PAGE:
thoughts on world interfaith harmony week

This morning I received a United Church press release in my email inbox encouraging participation in World Interfaith Harmony Week that begins tomorrow. I confess to being new to this special week on the calendar (the addition of such weeks by all manner of agencies like, in this case, the UN seems to be never ending). At first glance it seems a fine thing to endorse. How can one be opposed to interfaith harmony? It is like being opposed to motherhood or apple pie. So, no, I am not opposed to interfaith harmony. No one likes the sound of dischord. Harmony is much more pleasant to the ear and heart and soul. But I do find myself resistant to the seeming rush to resolve the problem of real interfaith differences by seeking to emphasize what religions have in common.


what is this - part two

Mark 1:14-39

What is this? That is the question that confronts anyone who opens the New Testament at the Gospel of Mark and begins to read. What is this? For one thing the text comes at you like rapid gun-fire speech. Mark is like a boxer whose sentences are a left and then a right, first a jab followed by an uppercut and then a hard body blow. His Greek is the language of the streets. Rough around the edges. Not the refined cadences of the academy. It is “and this” followed by “and that”. It seems that every second sentence includes the word “immediately”. Mark writes as if he is out of breath with excitement at the news he has to share. Which, of course, he is. It is Mark who invents the genre of the “gospel”. This is not a biography of the life of Jesus nor is it a historical account of Jesus’ ministry. It is, says Mark, “the good news of Jesus Christ, the Son of God” (Mk 1:1). The word for good news in Greek is “evangelium” from which we get “evangelical”. It is such new news that in English we invented a new word for it: “godspell”. Yes “gospel”. Mark comes rushing in the door, out of breath, with extraordinary good news that he can not wait to share. Imagine a church that sounds like Mark in our day and age - a church full of energy that cannot wait to share the message. Imagine a church so full of urgency that others wonder aloud: “What is this?”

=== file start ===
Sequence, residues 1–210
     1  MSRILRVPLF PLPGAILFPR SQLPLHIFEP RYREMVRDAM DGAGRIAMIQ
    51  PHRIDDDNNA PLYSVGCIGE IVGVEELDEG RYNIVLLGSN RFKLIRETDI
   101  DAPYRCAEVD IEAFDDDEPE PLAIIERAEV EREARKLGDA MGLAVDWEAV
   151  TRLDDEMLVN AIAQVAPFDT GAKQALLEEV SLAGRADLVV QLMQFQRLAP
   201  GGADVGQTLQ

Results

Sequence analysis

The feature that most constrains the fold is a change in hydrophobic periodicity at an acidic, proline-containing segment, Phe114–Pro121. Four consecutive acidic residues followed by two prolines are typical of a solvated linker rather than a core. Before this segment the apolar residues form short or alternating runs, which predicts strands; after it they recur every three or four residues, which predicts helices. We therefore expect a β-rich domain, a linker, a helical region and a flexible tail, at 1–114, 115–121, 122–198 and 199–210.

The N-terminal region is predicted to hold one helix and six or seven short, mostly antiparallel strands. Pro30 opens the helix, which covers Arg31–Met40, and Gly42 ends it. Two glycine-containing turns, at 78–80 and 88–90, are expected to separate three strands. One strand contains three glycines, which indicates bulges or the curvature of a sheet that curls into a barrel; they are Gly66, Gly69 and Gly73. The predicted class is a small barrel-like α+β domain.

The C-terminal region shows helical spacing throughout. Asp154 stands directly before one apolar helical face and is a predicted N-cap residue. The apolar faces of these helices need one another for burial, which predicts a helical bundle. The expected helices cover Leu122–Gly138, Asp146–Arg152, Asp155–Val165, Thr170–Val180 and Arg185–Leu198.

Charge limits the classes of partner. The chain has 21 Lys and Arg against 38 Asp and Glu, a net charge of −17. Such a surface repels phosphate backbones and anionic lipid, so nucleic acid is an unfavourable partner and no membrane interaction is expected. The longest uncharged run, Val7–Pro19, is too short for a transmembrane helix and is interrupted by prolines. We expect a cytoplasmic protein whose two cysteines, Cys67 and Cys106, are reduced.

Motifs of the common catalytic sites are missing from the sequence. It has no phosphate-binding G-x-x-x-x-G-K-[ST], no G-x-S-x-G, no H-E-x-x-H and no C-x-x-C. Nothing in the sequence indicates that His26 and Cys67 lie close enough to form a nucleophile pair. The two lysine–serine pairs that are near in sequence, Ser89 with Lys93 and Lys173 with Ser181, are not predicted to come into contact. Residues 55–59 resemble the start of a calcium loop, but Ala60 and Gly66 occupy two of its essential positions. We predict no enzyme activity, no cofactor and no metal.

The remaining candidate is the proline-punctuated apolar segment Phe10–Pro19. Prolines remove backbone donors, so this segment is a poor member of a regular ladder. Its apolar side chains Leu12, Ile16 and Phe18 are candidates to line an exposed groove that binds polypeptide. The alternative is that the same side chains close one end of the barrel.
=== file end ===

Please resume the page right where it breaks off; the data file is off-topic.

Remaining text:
in the face of this

One of my favorite authors is Anne Lamott. She writes about life and faith with such a great mix of truth-telling and hilarity. And, besides, she writes really well. I dream of being able to write like her. In the meantime, I'll keep enjoying her words. Last year we sent Anne a Christian Seasons Calendar. A few weeks later we got a post card in the mail from her saying: "I love my calendar and have it up on the wall where everyone can see it - Thanks so much." It felt great to make that connection. Here is a sample of Anne's writing from her book "Bird by Bird: Some Instructions on Writing and Life": "In general, though, there's no point in writing hopeless novels. We all know we're going to die; what's important is the kind of men and women we are in the face of this.


what is this - part one

This coming Sunday we will read the gospel lessons set in the lectionary for three Sundays (Jan 22, 29 & Feb 5). Last Sunday we missed reading the gospel so that we could read all of Jonah. On February 5th I will be preaching from Isaiah 40:21-31 (such an awesome text). That leaves this Sunday to read all the way from Mark 1:14 to Mark 1:39. It will give us a chance to enter into the hectic pace of Jesus in Mark's gospel. We will hear Jesus preach his first sermon (a direct quote from John the Baptist now that John has been incarcerated for this same message); see Jesus begin to recruit/draft a movement of followers who will recruit/draft more followers; watch as he astounds the congregation on the synagogue with his powerful teaching that is accompanied by an extraordinary exorcism; then see as he heals and exorcises all manner of illness and demonic possession; seek him out with his disciples who find him away from the crowd in a deserted place in prayer; and then follow as he continues to travel throughout Galilee "proclaiming the message and casting out demons".


what pastors do

While preparing to preach on Jonah last week I had the opportunity to read Eugene Peterson's book on the pastor's calling titled "Under the Unpredictable Plant". Eugene is well know for his wonderful contemporary paraphrase of the Bible called "The Message". During his time teaching at Regent College in Vancouver I was fortunate enough to meet him on a couple of occasions. Now that he is retired and living in Montana I regularly wish that I could go back in time and seek him out as a teacher during his time at Regent. Fortunately, Eugene has been a prolific writer and so I am able to engage in conversation with him through his books. Here is an example of the kind of wisdom that he offers people like me ...